How To Kill Deadhead Miles And Keep Your Operation Alive

Posted on April 27, 2011 by LCT Staff - Also by this author - About the author

ABOUT PHOTO: President and CEO of Global Ground Automation, Gregg Tuccillo, says operators need to be more aware of the costs of goods relative to the service they provide.

SUMMARY: Technology such as automated dispatch and fuel-surcharge management can improve a company’s efficiency and retain profit, and make operators grateful for fewer deadheads.

Secaucus, N.J. -- With the price of fuel at or above $4 a gallon and aggressively closing-in on $5, operators need to do more than just implement or raise fuel surcharges to offset the damage to their bottom-line; they need to meticulously re-examine each and every aspect of their operations and maximize efficiency.

Even the smallest adjustments can make a big difference.

For example, there is a concept in boxing called kinetic linking. The idea is that each tiny movement -- from the foot to the knee to the hip to the shoulder – should be synced together and all the unnecessary, excess movement eliminated, so that maximum efficacy is achieved with the same or less effort. This concept can and should be applied to business.

For a better idea of how kinetic linking works, check out THIS VIDEO OF THE ANATOMY OF A PUNCH HERE.

Gregg Tuccillo, President and CEO of GLOBAL GROUND AUTOMATION (GGA), a REARDEN COMMERCE company, says that operators who wish to be more efficient need to understand how big of a component fuel costs are of their base rate.

“By our estimates, fuel accounts for 10% of total ride cost if it’s at the $2.50 per gallon level. At $4, fuel is 16% of the total ride cost, and if an operator is running at a 6% profit margin, then all the profit is being taken away.” This knowledge is essential to avoiding profit loss.

To offset the increase in fuel expenses, operators need to do two things: Become more efficient as it relates to their management of deadhead miles, and implement fuel surcharges that are proportional to the increased costs. Deadhead miles are the miles that do not generate any revenue, such as driving around between trips or going back to the office after a run. Operators can calculate deadhead miles by taking the total miles driven, determining what percentage are live, revenue-generating miles, and the balance are the deadheads.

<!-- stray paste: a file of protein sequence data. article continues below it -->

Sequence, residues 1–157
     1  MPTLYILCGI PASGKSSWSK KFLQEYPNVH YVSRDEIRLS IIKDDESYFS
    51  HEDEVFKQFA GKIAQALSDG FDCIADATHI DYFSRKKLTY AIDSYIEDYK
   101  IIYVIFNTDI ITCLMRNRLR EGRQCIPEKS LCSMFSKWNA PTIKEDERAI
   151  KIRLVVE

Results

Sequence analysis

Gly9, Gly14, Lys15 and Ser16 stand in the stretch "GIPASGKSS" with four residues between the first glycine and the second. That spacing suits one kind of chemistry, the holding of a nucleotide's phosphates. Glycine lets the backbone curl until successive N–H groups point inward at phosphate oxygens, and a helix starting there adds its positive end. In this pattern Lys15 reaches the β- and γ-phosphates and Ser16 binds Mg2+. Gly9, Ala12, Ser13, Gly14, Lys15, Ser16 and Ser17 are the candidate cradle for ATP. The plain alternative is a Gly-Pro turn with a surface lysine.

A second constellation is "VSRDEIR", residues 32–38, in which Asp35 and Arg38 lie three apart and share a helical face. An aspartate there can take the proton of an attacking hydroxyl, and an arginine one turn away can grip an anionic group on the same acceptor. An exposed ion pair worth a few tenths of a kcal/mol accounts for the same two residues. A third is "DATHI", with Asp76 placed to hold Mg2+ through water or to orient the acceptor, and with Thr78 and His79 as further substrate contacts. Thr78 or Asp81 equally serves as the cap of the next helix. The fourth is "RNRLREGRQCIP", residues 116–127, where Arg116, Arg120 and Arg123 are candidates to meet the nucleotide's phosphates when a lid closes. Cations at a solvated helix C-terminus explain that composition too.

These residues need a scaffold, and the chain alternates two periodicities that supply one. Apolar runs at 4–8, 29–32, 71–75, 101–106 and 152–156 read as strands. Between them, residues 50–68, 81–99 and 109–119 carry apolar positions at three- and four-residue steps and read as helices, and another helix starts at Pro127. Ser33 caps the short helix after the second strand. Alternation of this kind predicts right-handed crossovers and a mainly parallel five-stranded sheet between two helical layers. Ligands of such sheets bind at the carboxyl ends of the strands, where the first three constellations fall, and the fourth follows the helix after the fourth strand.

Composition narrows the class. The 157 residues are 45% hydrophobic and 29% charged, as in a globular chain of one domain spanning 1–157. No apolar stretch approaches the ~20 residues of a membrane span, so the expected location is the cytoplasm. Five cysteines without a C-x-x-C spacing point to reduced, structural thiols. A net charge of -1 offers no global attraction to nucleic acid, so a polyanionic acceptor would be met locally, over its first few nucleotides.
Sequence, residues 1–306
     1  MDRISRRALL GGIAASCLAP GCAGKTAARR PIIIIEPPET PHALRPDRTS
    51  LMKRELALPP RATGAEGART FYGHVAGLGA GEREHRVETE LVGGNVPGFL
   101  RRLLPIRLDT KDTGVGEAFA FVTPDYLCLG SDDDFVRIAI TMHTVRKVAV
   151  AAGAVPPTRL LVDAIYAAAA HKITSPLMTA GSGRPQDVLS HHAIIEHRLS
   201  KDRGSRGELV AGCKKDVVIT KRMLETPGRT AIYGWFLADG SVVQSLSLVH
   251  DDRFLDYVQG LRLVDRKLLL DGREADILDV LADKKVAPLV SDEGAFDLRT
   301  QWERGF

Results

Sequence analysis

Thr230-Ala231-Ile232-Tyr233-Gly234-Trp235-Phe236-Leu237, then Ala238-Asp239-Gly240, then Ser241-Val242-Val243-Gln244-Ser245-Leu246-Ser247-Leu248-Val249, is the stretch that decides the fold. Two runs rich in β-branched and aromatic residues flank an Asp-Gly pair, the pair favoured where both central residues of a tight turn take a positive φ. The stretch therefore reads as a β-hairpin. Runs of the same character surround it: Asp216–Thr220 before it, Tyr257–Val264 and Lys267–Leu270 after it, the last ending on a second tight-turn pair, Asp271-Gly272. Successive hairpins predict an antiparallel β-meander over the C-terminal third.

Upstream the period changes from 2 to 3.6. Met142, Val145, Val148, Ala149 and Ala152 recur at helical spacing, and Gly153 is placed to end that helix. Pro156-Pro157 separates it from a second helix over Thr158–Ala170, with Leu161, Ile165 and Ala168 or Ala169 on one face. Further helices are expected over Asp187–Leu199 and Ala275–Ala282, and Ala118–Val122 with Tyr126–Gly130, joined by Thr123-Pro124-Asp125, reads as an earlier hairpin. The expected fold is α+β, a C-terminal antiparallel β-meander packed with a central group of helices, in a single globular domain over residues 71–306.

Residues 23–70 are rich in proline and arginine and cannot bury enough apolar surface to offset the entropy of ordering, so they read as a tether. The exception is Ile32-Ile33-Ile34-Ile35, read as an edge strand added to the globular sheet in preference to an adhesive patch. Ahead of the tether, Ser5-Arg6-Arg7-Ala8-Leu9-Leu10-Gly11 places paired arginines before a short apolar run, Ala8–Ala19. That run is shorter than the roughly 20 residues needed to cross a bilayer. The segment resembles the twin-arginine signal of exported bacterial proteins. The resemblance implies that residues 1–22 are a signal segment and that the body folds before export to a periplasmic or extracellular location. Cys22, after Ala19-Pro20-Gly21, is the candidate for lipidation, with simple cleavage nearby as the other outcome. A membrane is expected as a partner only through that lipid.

One way to minimize deadhead miles is through automating dispatch. Human dispatchers are faced with many vectors and variables, such as vehicle types, driver schedules, driver locations in relation to pick-up locations, etc., and automation is a great way to improve upon managing these variables. Automated dispatch uses an algorithm that considers all these factors to decide how best to deploy vehicles and roll trips, which also allows operators to be more confident in booking last-minute requests since calculations are done quickly and automatically.

While many operators already use GPS to monitor vehicle and trip activity, Tuccillo believes that not many are using the technology to make dispatch decisions. “Using GPS with traffic overlays can help calculate travel time, which is different from distance, and automated dispatch can tap into real-time traffic updates to provide chauffeurs with the most efficient routes,” Tuccillo says. “Automating dispatch can lower deadhead miles 10-20% and improve overall dispatcher efficiency.”

However, this does not mean that automated dispatch can totally replace a human dispatcher. Tuccillo says it can cover at a minimum 50% of dispatch solutions, and upwards of 80-85%.

The next step to offsetting fuel costs is through the fuel surcharge. Global Ground Automation is planning to implement in its Voyager Reserve suite a fuel surcharge management function. It will monitor live vs. dead miles, understand what the baseline fuel costs are per mile, calculate the fleet’s average miles per gallon (based off weekly inputs of a benchmark fuel price), determine what the appropriate fuel surcharge should be, and then automatically insert it into the rates that are quoted.

“Operators need to be much more aware of the costs of goods relative to the service they provide,” Tuccillo says. “They need tools in place that can give them the timing required to adjust so that there isn’t lost profit.”

Automated dispatch requires the installation of hardware in the vehicles to communicate back to the dispatch environment, and GGA will install the hardware at no cost to the provider. “We fund the installation out of our own pockets,” says Tuccillo. GGA then charges a transaction fee for every reservation that gets dispatched.

GLOBAL GROUND AUTOMATION is also producing GPS-enabled tablets to allow chauffeurs instant communication with the dispatch system, and their first prototype is projected for mid-June.

There will be more on maximizing efficiency through technology in future LCT coverage.

— Michael Campos, LCT assistant editor

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